Today’s Fundraising Challenges

What is Changing and What Stays the Same...

Here we are, nearly half way through 2012, and the gloomy economic outlook is still a serious concern for the many charities having to deal with the current funding climate.  But was it ever that much easier to fundraise in more prosperous times?  I’m surely not the only person to have doubts about this.  I think that fundraising was always challenging and that this certainly hasn’t changed.

So what is changing?  Some would point to the climate of more proactive philanthropy (Bill Gates and Co. for example). Others would certainly point to the phenomenon of social communication such as Facebook and Twitter. Globalisation and increased mobility have their part to play, as does the huge creation of wealth over the past twenty years or so, especially in emerging economies such as Brazil, China and India (OK, Russia, too!).

What I find more interesting is to look at what hasn’t changed in terms of fundraising challenges.  My observations of charities large and small (mainly in the UK and Ireland) over the past fifteen years leads me to focus on what I think are the most common reasons for fundraising goals not being met, if indeed any have been set, and how these deficiencies might best be overcome. Let’s shine the spotlight on some of the usual suspects:

  • Lack of commitment to the fundraising function on the part of the charity’s trustees, CEO and other stakeholders. A fundraiser working for such an organisation is usually on thin ice and will probably be the first to be blamed for any financial shortfalls.  The remedy for this might well require a professional consultant from outside the organisation who can help the stakeholders to focus on this primary issue.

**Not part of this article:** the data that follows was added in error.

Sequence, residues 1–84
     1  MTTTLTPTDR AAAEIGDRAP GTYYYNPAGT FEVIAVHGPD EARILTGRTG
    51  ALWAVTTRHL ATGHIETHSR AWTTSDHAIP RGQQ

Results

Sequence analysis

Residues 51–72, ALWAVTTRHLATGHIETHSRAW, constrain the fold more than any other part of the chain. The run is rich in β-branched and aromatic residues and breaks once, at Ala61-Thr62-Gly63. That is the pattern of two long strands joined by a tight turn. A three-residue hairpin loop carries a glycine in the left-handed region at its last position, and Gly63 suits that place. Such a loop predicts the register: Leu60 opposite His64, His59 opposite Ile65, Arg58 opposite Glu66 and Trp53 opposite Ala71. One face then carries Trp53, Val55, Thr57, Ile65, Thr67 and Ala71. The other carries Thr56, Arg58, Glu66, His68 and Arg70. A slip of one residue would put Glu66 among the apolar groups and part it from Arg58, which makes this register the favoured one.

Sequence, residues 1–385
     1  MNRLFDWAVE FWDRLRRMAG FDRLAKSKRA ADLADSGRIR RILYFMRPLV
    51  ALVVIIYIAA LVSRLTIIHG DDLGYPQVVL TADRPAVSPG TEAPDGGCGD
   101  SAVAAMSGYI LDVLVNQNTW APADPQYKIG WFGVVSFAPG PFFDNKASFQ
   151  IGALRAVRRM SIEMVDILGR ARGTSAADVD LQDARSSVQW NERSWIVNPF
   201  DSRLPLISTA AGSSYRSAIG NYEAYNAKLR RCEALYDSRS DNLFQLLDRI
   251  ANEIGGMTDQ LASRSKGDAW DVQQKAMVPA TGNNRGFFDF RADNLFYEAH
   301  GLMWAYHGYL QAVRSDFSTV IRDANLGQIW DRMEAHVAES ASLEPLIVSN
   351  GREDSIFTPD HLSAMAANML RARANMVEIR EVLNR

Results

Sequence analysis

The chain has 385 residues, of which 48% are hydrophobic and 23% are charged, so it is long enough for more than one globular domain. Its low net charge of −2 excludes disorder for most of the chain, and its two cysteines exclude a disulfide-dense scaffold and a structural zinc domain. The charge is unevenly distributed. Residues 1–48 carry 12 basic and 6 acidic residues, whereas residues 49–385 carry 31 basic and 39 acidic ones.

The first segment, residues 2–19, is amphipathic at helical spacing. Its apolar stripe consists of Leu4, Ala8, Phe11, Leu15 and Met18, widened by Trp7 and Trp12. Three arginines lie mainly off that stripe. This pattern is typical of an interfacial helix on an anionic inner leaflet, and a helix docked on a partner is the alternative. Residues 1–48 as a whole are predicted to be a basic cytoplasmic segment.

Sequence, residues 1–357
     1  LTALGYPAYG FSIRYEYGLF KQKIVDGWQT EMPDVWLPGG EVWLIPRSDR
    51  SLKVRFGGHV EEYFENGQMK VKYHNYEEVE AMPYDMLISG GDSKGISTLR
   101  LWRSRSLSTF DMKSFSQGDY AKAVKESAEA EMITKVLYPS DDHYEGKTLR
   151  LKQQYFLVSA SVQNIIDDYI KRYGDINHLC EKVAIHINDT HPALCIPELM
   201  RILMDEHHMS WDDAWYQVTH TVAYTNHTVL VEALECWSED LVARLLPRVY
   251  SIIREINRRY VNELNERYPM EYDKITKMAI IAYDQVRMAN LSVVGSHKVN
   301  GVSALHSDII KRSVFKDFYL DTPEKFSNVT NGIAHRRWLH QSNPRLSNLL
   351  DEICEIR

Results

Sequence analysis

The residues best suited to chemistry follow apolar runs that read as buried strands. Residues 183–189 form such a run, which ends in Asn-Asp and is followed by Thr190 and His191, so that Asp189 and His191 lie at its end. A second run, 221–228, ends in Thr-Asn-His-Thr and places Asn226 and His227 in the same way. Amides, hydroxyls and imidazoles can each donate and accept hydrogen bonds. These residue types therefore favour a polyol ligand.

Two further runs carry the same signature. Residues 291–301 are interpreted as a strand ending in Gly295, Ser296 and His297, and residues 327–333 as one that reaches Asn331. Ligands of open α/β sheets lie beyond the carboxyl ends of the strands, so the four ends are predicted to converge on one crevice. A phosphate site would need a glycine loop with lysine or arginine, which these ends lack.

• Overdependence on one stream of funding, be it statutory or corporate. The usual scenario is that the charity has been depending on one source of funding for some years and has not established a public fundraising function. The funding is suddenly withdrawn and the organisation is in crisis. What should have been put into operation is a comprehensive fundraising programme to include fundraising from individuals. Let’s call it ‘jobs for fundraisers’!
     
  • Passivity in seeking donors – sometimes observed in (but not restricted to) higher education institutions. The assumption seems to be that donors should have to make the running in making a gift to the organisation – a very dangerous assumption, indeed. One remedy would be to adopt a proactive attitude and make sure that staff members are alert to opportunities to engage potential donors, especially visitors who demonstrate a strong interest in the institution’s programmes.
     
  • Ignoring the wider picture – could there be opportunities to seek donors or funders abroad? Here is an issue that could be especially relevant for charities in countries such as Ireland where there are a sizeable number of charities seeking funds in a relatively small marketplace in terms of population. Depending on their cause, such organisations should seriously consider fundraising across borders.  In the case of Irish charities, this could mean fundraising in the UK or the USA.  It might also be worthwhile for charities to investigate EU funding, a complex but potentially rewarding effort.
     
  • Networking in the community, especially with professional advisers. Do you have any channels for networking with financial and legal professionals who just might be advising potential (major) donors?  If not, you should investigate which organisations could be useful in this regard.  In North America this is considered to be an essential element of ‘planned giving’.

In concluding, there are many other elements of successful fundraising that could be explored, such as Prospect Research, Major Gift and Legacy Fundraising, to name but three.  I simply offer the above observations about the classic challenges that remain constant in the fundraising arena.  But then, if you’re a professional fundraiser, you already know about them.

Good luck!


About the author: Jim Myers is a partner in the charity publishing firm, Social Partnership Marketing LLP, London, publishers of the Charity First Series of practical guides for charity operation and fundraising (www.charityfirstseries.org).